Frank Weiner Wins First Place in the Competition for the EAAE Prize 2003-2005
Frank H. Weiner, associate professor in the School of Architecture + Design has won the European Association for Architectural Education Prize 2003-2005. A biennial international competition on the subject of architectural education, the EAAE Prize was first awarded in 1991, “with the aim to stimulate original writings on the subject of architectural education in order to improve the quality of architectural education in Europe.”
Weiner has been at Virginia Tech since 1987 and received his bachelor’s from Tulane University (1980), a master’s from Columbia University (1987), and has served as co-chair of the Graduate Programs in Architecture (1996 � 1997), as Head of the Department of Architecture at Virginia Tech (1997 � 2003) and was the founding interim director of the School of Architecture + Design (2003).
Weiner was named one of 10 first-stage finalists in October 2004. He later presented his paper at an invited workshop to an international jury in Copenhagen, Denmark, in November. Notable jury members included architect Juhani Pallasmaa and historian Alberto Perez-Gomez. The VELUX Corporation, a well-known Danish manufacturer of roof windows and skylights sponsors the competition. Weiner will receive the award at a prize ceremony to be held in Dublin, Ireland, on March 16.
The EAAE is an international non-profit association committed to the exchange of ideas and people within the field of architectural education and research. It has more than 100 active member schools and almost 5,000 tenured faculty members. Faculty from all EAAE member schools and all US schools that are members of the Architectural Research Centers Consortium (ARCC) and ACSA (Association of Collegiate Schools of Architecture) were eligible to compete.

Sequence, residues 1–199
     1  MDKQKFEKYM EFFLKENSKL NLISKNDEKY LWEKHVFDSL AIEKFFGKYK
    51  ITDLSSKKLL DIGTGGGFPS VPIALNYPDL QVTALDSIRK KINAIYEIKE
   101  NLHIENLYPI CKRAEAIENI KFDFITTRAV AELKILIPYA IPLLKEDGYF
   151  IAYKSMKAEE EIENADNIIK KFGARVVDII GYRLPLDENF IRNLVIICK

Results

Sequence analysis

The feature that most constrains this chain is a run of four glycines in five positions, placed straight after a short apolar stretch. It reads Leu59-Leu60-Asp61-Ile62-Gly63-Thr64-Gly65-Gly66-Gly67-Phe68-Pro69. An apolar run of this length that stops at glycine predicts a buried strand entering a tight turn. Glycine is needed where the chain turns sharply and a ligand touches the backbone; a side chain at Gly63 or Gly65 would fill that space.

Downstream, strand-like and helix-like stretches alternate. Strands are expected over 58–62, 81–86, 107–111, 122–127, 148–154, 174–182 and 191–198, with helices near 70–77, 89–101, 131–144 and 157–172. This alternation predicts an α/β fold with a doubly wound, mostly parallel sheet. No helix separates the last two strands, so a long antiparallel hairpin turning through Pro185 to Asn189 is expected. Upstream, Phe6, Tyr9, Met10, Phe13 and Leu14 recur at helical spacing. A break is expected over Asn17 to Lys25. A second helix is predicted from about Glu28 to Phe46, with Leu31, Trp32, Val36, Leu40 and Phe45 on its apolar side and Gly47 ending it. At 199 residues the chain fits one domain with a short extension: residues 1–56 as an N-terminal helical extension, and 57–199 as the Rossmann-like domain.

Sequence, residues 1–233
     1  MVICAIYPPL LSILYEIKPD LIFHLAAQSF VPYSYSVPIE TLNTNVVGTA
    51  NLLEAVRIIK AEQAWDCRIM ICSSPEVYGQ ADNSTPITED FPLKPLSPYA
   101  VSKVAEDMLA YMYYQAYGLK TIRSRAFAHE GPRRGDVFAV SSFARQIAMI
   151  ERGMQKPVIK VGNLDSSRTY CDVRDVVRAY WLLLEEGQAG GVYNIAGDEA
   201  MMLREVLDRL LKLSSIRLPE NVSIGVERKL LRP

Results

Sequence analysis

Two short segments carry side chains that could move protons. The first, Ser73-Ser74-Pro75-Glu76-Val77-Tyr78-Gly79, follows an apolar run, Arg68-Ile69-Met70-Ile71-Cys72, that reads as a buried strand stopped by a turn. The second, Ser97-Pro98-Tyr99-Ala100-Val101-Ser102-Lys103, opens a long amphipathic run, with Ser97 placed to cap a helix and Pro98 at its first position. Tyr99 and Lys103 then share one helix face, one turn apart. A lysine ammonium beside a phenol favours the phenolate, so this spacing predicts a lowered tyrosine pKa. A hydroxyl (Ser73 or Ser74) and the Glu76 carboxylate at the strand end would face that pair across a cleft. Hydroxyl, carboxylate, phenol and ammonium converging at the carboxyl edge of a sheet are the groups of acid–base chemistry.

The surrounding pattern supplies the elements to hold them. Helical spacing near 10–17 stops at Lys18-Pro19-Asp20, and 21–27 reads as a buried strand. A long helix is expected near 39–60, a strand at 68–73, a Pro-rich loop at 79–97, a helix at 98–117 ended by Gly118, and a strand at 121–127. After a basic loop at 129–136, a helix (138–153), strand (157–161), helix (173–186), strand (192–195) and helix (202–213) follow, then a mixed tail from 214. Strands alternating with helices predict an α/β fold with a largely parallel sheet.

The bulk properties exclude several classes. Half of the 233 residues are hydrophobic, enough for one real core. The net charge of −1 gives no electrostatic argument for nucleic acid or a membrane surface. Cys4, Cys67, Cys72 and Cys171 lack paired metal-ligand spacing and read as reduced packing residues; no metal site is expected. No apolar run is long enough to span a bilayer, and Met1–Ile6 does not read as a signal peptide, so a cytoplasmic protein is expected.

The competition focused on the question: “How will the demands of the information society and ‘new knowledge’ affect the demand for relevant or necessary ‘know how’ in architectural education?”
In Weiner’s award winning essay entitled, “Five Critical Horizons for Architectural Educators in an Age of Distraction,” five contemporary societal forces are identified that significantly impact the context of architectural education today—accountability, sustainability, the global economy, information technology, and the politics of transparency. These forces or ‘fundamental distractions’ are in turn countered by developing a set of five horizons—teaching, history/theory/criticism, philosophy, literature, and sensibility. Each of the five horizons offers a broad platform from which to critically view the challenges that face architectural educators as they collectively seek future directions.
“Architectural educators should not simply react to current demands but seek to be autonomously responsible for the dignity of their inquiry and activity that responds to the nature of architecture,” Weiner said. “We are in a sense free to choose our distractions rather than have them imposed on us from the outside.”